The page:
The Karlgren–Li reconstruction of Middle Chinese was a representation of the sounds of Middle Chinese devised by Bernhard Karlgren and revised by Li Fang-Kuei in 1971, remedying a number of minor defects.
Karlgren believed that the Qieyun system (represented by the Guangyun) reflected the standard speech of the Sui-Tang capital Chang'an (modern Xi'an), which spread across the empire except for Fujian. He attempted to determine the sounds of this "Ancient Chinese" (now called Middle Chinese) by applying the comparative method to data that he had collected on modern dialects, as well as the pronunciations of Chinese loanwords in other languages. Since the discovery of an early copy of the Qieyun in 1947, most scholars believe the dictionary reflects a combination of reading pronunciation standards from the capitals of the late Northern and Southern dynasties period.
Karlgren's transcription involved a large number of consonants and vowels, many of them very unevenly distributed; indeed he disdained phonemic analysis as a "craze". In a few cases he was unable to distinguish the pronunciations of ancient finals, and thus give them identical transcriptions. His notation, based on Johan August Lundell's Swedish Dialect Alphabet, went through several revisions from his Études sur la phonologie chinoise (1915–1926) through to the Compendium of Phonetics in Ancient and Archaic Chinese (1954). The same notation was used in his Grammata Serica Recensa (1957), a dictionary of Middle and Old Chinese that remains a standard reference, even though Karlgren's reconstruction of Old Chinese has been superseded by those of Li Fang-Kuei and William Baxter, among others.
In the early 1970s, Li Fang-Kuei used an amended version of Karlgren's transcription as a point of departure for his reconstruction of Old Chinese phonology. Li addressed some of the criticisms of Karlgren's system, revising some initials and distinguishing finals that Karlgren had combined. Although Karlgren's view of Middle Chinese as a single spoken variety is no longer widely held, his transcription, as revised by Li, is still widely used as a notation for the Qieyun categories.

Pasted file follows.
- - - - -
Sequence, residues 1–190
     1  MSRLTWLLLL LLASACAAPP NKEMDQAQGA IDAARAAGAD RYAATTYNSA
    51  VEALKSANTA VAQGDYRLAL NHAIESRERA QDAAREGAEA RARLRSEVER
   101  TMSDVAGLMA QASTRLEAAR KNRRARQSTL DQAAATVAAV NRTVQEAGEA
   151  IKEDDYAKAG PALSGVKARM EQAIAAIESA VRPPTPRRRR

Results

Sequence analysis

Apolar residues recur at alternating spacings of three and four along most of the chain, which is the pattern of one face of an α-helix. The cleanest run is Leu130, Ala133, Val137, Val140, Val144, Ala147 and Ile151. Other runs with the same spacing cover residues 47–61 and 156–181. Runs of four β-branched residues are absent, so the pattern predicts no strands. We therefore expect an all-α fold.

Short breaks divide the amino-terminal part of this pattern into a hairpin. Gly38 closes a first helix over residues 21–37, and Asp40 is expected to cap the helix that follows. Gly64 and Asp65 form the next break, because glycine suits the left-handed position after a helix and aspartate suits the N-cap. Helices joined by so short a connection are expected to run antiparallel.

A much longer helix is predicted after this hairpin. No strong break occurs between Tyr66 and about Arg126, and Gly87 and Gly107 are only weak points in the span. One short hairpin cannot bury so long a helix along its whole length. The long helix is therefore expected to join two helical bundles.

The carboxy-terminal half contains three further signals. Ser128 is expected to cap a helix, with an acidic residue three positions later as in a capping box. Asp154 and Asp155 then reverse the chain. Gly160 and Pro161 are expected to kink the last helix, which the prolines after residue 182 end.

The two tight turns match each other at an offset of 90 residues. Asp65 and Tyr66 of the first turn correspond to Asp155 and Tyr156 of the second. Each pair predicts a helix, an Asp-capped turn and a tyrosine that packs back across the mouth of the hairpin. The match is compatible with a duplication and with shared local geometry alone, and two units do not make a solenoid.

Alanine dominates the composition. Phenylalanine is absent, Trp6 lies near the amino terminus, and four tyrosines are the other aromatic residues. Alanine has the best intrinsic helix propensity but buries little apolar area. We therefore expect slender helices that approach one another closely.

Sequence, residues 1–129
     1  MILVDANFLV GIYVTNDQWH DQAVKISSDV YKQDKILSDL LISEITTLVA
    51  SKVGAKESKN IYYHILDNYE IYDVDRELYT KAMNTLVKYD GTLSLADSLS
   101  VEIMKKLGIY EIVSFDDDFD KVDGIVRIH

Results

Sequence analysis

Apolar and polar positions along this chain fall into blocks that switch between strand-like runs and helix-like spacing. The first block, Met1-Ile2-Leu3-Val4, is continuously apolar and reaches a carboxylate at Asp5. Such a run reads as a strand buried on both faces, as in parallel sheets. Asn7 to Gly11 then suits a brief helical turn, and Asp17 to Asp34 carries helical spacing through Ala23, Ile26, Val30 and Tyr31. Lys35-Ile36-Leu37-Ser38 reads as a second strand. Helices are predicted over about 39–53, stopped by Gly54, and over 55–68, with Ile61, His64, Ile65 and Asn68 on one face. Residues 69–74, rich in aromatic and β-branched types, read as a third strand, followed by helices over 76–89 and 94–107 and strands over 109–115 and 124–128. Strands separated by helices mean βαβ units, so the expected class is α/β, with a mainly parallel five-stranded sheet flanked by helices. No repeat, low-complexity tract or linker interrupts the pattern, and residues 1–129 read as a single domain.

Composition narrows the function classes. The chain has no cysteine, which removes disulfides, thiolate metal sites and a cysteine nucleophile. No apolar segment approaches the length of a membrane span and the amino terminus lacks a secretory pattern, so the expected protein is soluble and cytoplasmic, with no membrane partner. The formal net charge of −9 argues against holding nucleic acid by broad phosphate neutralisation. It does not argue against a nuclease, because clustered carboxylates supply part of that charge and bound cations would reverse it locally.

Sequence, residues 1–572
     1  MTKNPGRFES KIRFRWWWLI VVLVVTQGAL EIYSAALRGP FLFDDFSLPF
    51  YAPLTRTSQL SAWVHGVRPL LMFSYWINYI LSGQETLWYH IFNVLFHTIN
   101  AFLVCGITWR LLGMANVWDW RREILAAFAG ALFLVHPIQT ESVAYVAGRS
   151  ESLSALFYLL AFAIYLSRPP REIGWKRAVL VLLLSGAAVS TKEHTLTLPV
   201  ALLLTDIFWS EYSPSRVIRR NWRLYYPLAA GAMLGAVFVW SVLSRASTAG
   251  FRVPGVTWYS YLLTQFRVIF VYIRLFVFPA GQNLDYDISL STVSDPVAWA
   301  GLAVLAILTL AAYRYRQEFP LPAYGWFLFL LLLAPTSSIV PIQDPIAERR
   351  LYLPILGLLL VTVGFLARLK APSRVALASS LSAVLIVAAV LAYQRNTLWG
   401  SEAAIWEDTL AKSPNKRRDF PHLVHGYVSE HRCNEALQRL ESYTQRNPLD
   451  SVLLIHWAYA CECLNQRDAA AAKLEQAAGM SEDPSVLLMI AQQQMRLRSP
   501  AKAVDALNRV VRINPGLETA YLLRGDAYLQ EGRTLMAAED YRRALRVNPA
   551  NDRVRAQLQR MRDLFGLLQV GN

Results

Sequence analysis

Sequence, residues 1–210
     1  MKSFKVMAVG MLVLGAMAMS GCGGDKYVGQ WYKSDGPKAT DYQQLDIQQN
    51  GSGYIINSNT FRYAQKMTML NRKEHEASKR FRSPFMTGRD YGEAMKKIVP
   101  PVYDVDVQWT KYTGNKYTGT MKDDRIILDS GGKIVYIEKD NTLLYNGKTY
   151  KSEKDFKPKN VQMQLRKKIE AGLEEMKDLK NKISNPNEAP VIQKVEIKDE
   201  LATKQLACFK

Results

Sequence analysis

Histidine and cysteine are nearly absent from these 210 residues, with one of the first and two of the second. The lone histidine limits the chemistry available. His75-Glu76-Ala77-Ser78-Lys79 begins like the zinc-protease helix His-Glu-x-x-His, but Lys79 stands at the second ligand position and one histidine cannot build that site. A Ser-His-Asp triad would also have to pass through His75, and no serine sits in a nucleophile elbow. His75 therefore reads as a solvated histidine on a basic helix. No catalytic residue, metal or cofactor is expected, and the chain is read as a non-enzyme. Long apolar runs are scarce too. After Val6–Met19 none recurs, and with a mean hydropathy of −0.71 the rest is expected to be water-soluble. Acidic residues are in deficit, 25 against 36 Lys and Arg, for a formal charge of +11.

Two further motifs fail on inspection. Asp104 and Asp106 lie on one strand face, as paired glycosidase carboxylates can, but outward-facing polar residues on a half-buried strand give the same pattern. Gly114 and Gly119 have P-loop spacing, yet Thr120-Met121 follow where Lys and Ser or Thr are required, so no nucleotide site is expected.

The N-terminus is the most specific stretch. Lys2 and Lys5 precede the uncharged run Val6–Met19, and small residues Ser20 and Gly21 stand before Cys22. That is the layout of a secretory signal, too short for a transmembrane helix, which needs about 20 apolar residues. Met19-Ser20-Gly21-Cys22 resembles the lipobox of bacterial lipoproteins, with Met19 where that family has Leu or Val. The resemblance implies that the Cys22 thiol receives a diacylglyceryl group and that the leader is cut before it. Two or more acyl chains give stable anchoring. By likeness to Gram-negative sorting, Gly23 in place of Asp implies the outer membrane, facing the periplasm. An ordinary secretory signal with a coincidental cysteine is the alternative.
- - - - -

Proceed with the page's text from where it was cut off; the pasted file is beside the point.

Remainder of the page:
Li replaced Karlgren's reversed apostrophe as an indicator of aspiration with a letter h for convenience. While Karlgren had originally reconstructed the voiced stop initials as aspirated, Li treated them as unaspirated. Li also recast Karlgren's alveolar dentals as retroflex, citing a similar distribution to the retroflex affricates.
Most scholars now believe that the dź- and ź- initials were interchanged in the rime tables, by which time they had merged.
Karlgren used a selection of vowel symbols from the Swedish Dialect Alphabet, here shown with IPA equivalents where different:
In addition, ậ denotes a shorter (or centralized) variant of â, while ă, ĕ and ə̆ denote shorter variants of a, e and ə.
Karlgren divided the division III finals into two groups:type α (mixed) finals could occur in rows 2, 3 and 4 of the rime tables, and with all kinds of initials.
type β (pure) finals could only occur in row 3 of the rime tables, and only with labial, velar or laryngeal initials. These finals also conditioned labiodentalization in Late Middle Chinese.
Li made a number of changes to remedy limitations of Karlgren's system:He replaced Karlgren's -i̯- with the more convenient and conventional -j-.
Where Karlgren had combined a pair of finals as -i, Li distinguished them as -i and -ï.
Similarly a pair of finals initially treated as -ai became -ai and -aï.
Karlgren had also not been able to distinguish the so-called chóngniǔ doublets of division III finals, and treated them as type α division III finals. Li introduced the spelling -ji- for finals occurring in the fourth row of the rime tables, retaining -j- for those occurring in the third row.
These were intended as purely notational devices, rather than suggested pronunciations.
Karlgren's spellings for open finals, which could occur in the level, rising or departing tones, are given below, with the names of their Guangyun rhyme groups, and grouped by the broad rhyme classes (攝 shè) of the rime tables. Where unrounded (kāi) and rounded (hé) finals occurred in the same Guangyun rhyme group, Karlgren marked the latter with a -w- medial. Where they were split between two Guangyun rhyme groups, he marked the rounded final with a -u- medial.
Finals ending in nasals -m, -n and -ng could occur in the level, rising or departing tones, with parallel finals ending in -p, -t and -k placed in the entering tone.
嚴 and 凡 are barely distinguished
The rising tone was marked with a trailing colon, the departing tone with a trailing hyphen. The level and entering tones were unmarked.
W. South Coblin made further simplifications, without sacrificing any contrasts:the initial ·- is written as ʔ-
the vowels ậ and ə̆ are written as ə
the vowel ĕ is written as e
the medial -u- is written as -w-